The march then attempted to go up Powell but was stopped at Geary again. Now the cops were more prepared and there were more lines of cops in the intersection. At that point (very early) the attempted property destruction started.
A small group of young people of color chose, in their impatience, energy, and frustration with the march not moving, to focus on a jewelry store. They began yelling “Africa wants its diamonds back!” (little do they know how worthless diamonds really are). Now here’s where it gets ridiculous. One guy had what looked like a wooden broomhandle. He started hitting the plate glass window in front of the jewelry store. Pro tip: they probably have the strongest glass ever made by humans. Pretty soon the weapon was in splinters. At this point someone ran up with a small metal hammer, and even that didn’t do any damage to the glass!
Now this confrontation at the jewelry store had everyone’s focus. To me, it was just disappointing because it was a distraction. We should have been focusing on breaking through the police lines to get to Union Square. (At least the jewelry store closed, so we got one small win.) One woman from the crowd tried to stop people from hitting the glass, arguing “don’t give them (the police) an excuse”. I thought carefully about what was “the right thing” to do. I decided to neither stop the attacks nor participate. But I did stay in front of the store. Everybody had backed up and made space the same way people do when watching a fight. I disrupted this sense of extraordinary space by milling about in that opened-up space with my sign, without participating in the attempts to break the glass.
At this point the march headed away. A friend and I tried to convince people to disperse into groups of 2 or 3, blend in with the shoppers, and reconvene at Union Square proper. Before reconvening I spent a little time carefully orchestrating a sense of light disorder for the shoppers to give people just a little more freedom than they are used to. Two women had pulled barricades away from Stockton at O’Farrell, causing the fake greenery area to blend into the street. I carefully stacked them so as to reduce the sense of disorder that might seem threatening, and encouraged the flood of people to walk across the street at the red light (mostly by my own wandering back and forth, but also by stacking barricades to block cars).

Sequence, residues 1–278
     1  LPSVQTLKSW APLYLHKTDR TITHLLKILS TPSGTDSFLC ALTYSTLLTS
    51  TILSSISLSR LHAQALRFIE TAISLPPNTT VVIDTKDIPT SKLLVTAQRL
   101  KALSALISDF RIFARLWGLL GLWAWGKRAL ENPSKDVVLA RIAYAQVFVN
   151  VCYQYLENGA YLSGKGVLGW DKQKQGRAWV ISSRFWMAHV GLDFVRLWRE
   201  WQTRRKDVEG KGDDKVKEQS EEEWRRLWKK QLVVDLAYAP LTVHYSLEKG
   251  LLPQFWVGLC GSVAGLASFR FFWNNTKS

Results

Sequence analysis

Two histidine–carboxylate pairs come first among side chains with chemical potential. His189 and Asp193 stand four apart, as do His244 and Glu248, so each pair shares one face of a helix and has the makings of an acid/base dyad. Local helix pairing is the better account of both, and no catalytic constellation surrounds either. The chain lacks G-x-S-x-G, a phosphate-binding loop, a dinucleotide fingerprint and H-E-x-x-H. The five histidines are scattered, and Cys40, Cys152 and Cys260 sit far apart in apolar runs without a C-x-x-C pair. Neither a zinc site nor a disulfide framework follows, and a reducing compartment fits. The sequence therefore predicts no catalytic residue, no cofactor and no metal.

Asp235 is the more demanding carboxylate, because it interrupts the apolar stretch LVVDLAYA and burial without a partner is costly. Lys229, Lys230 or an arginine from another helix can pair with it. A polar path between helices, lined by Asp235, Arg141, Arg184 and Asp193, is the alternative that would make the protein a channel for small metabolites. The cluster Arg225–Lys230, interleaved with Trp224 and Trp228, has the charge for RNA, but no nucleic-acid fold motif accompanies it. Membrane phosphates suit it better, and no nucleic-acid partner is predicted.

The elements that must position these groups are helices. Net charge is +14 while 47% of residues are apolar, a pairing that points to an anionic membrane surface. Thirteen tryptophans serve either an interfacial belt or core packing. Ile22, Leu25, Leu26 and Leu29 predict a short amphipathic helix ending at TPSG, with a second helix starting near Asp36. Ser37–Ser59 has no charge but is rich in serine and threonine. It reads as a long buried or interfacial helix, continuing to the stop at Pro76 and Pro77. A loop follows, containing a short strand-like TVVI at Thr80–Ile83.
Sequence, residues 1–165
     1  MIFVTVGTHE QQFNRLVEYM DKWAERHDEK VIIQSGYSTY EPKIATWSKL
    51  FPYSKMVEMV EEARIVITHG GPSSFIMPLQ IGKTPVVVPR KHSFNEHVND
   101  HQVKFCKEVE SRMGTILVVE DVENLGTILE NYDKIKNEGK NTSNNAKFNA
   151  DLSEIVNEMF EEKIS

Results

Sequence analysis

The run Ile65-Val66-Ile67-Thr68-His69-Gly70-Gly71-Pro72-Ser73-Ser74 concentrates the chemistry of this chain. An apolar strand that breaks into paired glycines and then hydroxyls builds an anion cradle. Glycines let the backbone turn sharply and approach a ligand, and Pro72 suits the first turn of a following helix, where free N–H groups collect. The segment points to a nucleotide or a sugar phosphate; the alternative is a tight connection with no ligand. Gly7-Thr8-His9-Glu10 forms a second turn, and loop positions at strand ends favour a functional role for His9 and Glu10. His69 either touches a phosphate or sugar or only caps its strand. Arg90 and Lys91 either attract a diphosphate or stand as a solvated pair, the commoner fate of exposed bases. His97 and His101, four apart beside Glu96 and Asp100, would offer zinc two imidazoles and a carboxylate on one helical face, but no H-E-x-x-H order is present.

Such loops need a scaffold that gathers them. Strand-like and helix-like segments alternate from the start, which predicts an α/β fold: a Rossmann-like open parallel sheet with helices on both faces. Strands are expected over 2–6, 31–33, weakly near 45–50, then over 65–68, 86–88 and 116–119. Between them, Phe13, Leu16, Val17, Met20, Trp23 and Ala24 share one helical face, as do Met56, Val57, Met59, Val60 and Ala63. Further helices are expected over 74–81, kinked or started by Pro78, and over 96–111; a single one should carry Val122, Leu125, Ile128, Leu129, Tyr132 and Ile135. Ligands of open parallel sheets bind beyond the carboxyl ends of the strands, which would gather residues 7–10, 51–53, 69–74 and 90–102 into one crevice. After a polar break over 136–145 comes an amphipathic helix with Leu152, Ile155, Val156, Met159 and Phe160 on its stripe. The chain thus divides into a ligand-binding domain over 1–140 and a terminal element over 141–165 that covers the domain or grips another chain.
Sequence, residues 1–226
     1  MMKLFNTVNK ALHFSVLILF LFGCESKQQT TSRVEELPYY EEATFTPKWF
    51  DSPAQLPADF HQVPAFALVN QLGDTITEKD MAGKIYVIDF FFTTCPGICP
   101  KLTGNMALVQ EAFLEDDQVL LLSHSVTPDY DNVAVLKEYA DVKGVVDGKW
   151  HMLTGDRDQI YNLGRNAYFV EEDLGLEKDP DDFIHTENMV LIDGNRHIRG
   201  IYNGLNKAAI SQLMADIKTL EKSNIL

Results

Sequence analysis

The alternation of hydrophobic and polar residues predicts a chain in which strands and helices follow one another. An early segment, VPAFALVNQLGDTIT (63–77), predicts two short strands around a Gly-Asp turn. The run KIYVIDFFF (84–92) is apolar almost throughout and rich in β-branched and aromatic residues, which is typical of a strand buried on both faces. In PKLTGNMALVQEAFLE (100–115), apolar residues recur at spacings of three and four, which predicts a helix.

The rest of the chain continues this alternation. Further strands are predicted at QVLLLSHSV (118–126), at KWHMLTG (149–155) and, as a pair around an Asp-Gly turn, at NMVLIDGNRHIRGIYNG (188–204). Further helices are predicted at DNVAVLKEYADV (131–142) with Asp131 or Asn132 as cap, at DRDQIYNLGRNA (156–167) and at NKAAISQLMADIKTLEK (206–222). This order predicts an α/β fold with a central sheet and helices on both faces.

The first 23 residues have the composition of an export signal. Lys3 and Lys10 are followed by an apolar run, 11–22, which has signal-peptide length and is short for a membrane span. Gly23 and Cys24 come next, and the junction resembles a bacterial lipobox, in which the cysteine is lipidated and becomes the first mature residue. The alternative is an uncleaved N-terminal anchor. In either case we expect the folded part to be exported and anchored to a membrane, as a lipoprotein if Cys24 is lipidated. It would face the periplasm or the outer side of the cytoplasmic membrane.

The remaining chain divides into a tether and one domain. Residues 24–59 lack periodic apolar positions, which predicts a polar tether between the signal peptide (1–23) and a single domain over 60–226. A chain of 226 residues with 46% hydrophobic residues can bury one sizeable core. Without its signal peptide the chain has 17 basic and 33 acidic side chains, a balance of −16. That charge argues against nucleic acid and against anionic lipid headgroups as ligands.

I made my way to Union Square but only my friend greeted me there. Oh well. In the meantime we learned that the march had headed to the Mission, which really disappointed me. The Mission? Again? You want to be where the shoppers are, disrupting commerce. And if you do engage in property destruction, the Mission has seen enough. Fucking hit Macy’s! Saks! Barneys! Even better than property destruction, go into those stores and bring clothes etc out into the street and give them away (particularly to homeless people)! Do something fucking creative!
But I did learn that they had caused the Westfield Shopping Center on Market to close early, so that was a big win.
I didn’t witness any of the property destruction in the Mission but at least some of it was not very principled. A restaurant (Beretta) was hit while people were inside it. VERY FUCKING UNCOOL.
The first thing you learn about property destruction is that it’s different from violence, that is to say, violence against people. But if you engage in property destruction in such a way that you endanger or even frighten people, then it is in fact violent. Hitting the glass at the front of a restaurant that has diners in it is insane, and definitely violent. Someone could have been badly hurt (and not a cop, just a regular person). It’s very disturbing to me that at least one person engaged in property destruction that night who didn’t get this. We have some education to do.